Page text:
Plan a few easy and lively games that embrace the friendly, silly side of Halloween and your party or family gathering can rival the fun of trick or treating. Children who are too young for scare tactics will especially appreciate activities that incorporate Halloween-themed toys, decorations and treats for an all-around experience that keeps them active and engaged. Showing your little ones that Halloween is nothing to be scared of doesn’t need to be difficult or time-consuming; it just takes a little preparation and some creative ideas.
Boo-Ling and Beanbag Toss
With a basic bucket, ball and some novelty bowling pins, the whole party can participate in a game that combines bowling (or boo-ling!) and a beanbag toss that can be played indoors or out. Set up the pins at one end of a room or lawn and use the empty bucket to mark the spot where the bowler will stand. Leave about 8 to 12 feet between the bucket and pins, depending on how easy or hard you want to make the game. Play a traditional bowling game, in which you have two tries to knock down as many pins as you can, or just see how many tries it takes to knock down all the pins. For the next part of the game, the bowler crosses the room or lawn to gather all of the fallen pins. Turn around to face the empty bucket — your new target. The game is now to throw the pins, as well as the bowling ball, back into the bucket in as few tries as possible. When you’ve landed all the pins in the bucket, return to the initial set-up and it’s back to bowling.
Halloween Treasure Hunt
You spent all this time on those spook-tastic decorations, so why not make them part of the fun? Keep the kids amused and active with a treasure hunt incorporating your party’s Halloween decor. Hand the children their own special treat bag and tell them that they already have one treat in the bag. When the children pull out their treat, they’ll find taped to it a printed slip of paper with the first clue in the treasure hunt. It could say something like, “You’ll find clue No. 2 under something that says boo!” and lead them to a ghost decoration where you’ve already taped the second clue. Hide another three or four clues underneath Halloween decorations around the house. Make the directions easy to guess to keep the game fun and avoid any frustration. Write phrases like, “A lantern named Jack will light the way to clue No. 3” and “The incy-wincy creature with eight legs is hiding the next clue.” The final clue of the treasure hunt should lead to a special prize, like a Halloween Bear hidden underneath a witch’s hat.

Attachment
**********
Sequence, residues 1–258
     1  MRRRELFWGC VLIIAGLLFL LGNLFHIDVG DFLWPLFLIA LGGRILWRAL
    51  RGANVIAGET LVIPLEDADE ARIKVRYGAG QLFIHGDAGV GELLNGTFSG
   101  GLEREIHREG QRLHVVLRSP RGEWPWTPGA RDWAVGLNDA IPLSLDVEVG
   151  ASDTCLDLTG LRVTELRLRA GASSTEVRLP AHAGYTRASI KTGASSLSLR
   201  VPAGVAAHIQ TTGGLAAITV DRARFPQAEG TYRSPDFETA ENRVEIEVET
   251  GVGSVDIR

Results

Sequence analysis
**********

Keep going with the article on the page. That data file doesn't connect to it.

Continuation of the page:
Candy Jar Guessing Game
Before the Halloween party kicks off, fill a decorative jar with candies, counting the number of candies as you put them in. Write the number down but keep it a secret. Use larger candies or a mixture of mini candy bars and smaller sweets so that the total number isn’t too high or difficult for younger children to guess. Every child at the party gets to have one guess at the total number of candies in the jar. Write down everyone’s guess or leave the jar next to a clipboard for all to write down their names and guesses. At the end of the night, announce the winner — the person whose guess is closest to the correct number of candies in the jar. The prize is the jar and all of its yummy contents.
Fishing for Apples
For a modern, kid-friendly version of traditional apple bobbing, use a plastic kids’ fishing net and call the game “fishing for apples.” Fill a large beverage tub with water and float a dozen or so apples in the tub. Make the game a little tricky by including small, plastic Halloween items that also float, such as spiders and pumpkins. Explain that the goal of the game is to catch just apple in the net by itself, without any pumpkins or spiders. If you catch a Halloween toy, dunk it out and try again until you get only an apple — which you then get to eat. It’s possible the kids will even be happy to have a nice piece of fruit after all that candy.
What Are Your Best Halloween Party Tricks and Treats?
Please share some of your favorite Halloween party games for young children. What are your tips for keeping the holiday fun instead of scary for the little ones?